Federal Magistrate Judge Sheri Pym issued an order last month requiring Apple to create a special software tool that would eliminate specific security protections the company built into its phone software. The tool would help the FBI crack the password on the iPhone and thereby decrypt data stored on the device.

But Apple filed a motion to vacate the order, saying it’s unconstitutional on several grounds and violates the separation of powers doctrine in that it would give the court and government authority that Congress never granted them and usurp Congress’s “exclusive constitutional authority to make laws.”

The government has cited US v New York Telephone Company as one of the primary precedent-setting cases that give it authority under the All Writs Act. In that case, the government required New York Telephone company to provide technical assistance to record numbers dialed from a phone in what is known as a pen-register. New York Telephone objected, saying the pen-register statute didn’t require companies to provide technical assistance. The Supreme Court ultimately ruled that the phone company could be compelled to assist because it was already collecting this information as a matter of course for its own business purposes, in order to bill customers, detect fraud and conduct troubleshooting. As long as the assistance being sought was not unduly burdensome to the company, it could be compelled to assist.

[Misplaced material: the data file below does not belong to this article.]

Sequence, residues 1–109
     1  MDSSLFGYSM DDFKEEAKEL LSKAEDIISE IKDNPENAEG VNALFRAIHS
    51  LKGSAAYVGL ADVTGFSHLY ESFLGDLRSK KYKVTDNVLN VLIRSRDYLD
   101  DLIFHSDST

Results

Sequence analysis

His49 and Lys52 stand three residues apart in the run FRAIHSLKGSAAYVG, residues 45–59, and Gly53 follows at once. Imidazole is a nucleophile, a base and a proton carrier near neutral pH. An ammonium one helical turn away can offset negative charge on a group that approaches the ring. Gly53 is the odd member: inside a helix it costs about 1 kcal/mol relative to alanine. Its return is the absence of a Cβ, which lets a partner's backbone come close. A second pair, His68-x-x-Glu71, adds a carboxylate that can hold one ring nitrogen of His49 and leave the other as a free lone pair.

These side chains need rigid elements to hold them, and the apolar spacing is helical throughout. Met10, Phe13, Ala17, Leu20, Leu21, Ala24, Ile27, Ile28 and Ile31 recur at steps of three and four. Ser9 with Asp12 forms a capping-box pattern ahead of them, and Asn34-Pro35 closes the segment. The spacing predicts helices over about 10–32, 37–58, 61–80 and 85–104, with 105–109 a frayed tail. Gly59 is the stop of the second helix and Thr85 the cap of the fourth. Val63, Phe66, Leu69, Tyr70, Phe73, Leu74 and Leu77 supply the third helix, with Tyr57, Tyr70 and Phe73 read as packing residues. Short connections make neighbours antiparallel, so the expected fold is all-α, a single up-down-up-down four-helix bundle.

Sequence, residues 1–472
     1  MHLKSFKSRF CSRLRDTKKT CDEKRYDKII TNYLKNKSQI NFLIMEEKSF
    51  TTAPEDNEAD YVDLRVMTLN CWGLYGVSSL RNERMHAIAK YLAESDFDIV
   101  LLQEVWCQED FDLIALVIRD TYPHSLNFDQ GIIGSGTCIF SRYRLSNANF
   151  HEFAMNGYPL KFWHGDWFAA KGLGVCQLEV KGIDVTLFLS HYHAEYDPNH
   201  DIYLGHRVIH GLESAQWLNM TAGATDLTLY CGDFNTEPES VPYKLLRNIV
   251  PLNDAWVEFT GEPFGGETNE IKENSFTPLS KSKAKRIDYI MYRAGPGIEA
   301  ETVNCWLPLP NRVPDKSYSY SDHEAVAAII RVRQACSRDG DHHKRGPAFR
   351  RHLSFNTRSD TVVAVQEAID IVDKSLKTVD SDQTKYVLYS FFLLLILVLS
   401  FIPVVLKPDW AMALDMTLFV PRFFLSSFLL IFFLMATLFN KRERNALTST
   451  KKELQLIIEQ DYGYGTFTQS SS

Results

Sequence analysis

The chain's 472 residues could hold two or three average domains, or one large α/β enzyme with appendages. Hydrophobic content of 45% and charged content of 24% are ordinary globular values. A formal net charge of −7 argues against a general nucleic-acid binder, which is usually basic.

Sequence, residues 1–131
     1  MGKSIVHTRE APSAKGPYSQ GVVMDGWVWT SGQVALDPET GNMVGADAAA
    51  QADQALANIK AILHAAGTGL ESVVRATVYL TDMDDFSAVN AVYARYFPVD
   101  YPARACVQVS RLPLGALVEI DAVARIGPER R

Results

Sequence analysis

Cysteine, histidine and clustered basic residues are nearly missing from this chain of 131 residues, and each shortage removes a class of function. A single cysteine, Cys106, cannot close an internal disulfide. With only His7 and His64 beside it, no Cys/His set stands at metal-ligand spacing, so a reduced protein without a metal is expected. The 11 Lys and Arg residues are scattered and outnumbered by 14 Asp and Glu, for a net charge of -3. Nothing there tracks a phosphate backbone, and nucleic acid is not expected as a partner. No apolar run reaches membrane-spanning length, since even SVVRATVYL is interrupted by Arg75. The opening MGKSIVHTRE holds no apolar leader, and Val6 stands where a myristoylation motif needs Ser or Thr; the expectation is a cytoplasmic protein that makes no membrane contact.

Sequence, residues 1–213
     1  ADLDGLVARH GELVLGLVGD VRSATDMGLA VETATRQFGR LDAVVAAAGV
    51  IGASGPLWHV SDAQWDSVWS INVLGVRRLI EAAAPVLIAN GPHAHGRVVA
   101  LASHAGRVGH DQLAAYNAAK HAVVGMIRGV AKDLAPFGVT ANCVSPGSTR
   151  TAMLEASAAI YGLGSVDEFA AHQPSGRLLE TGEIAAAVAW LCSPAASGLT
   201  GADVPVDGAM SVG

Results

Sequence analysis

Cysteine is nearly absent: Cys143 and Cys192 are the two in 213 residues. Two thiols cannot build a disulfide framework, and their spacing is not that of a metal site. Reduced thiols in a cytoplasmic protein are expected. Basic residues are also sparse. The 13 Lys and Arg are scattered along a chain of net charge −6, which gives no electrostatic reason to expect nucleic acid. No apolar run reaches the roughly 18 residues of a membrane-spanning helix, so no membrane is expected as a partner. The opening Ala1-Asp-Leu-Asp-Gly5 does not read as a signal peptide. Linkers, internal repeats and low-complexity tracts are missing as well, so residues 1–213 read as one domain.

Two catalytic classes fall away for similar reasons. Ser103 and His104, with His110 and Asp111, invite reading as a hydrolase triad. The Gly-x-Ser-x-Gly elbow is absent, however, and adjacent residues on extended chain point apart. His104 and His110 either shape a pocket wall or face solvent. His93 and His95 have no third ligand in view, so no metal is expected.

Apple says the All Writs Act doesn’t grant the different authority the government is seeking in this case, and that the government is attempting “to rewrite history by portraying the Act as an all-powerful magic wand rather than the limited procedural tool it is.”

The government “portrays the All Writs Act as a ‘broad,’ ‘venerable,’ ‘fluid,’ ‘adaptable’ font of virtually unlimited authority empowering courts to issue any and all orders that the government requests in the pursuit of ‘justice’,” Apple writes. “This is an exercise in wishful thinking, not statutory interpretation.”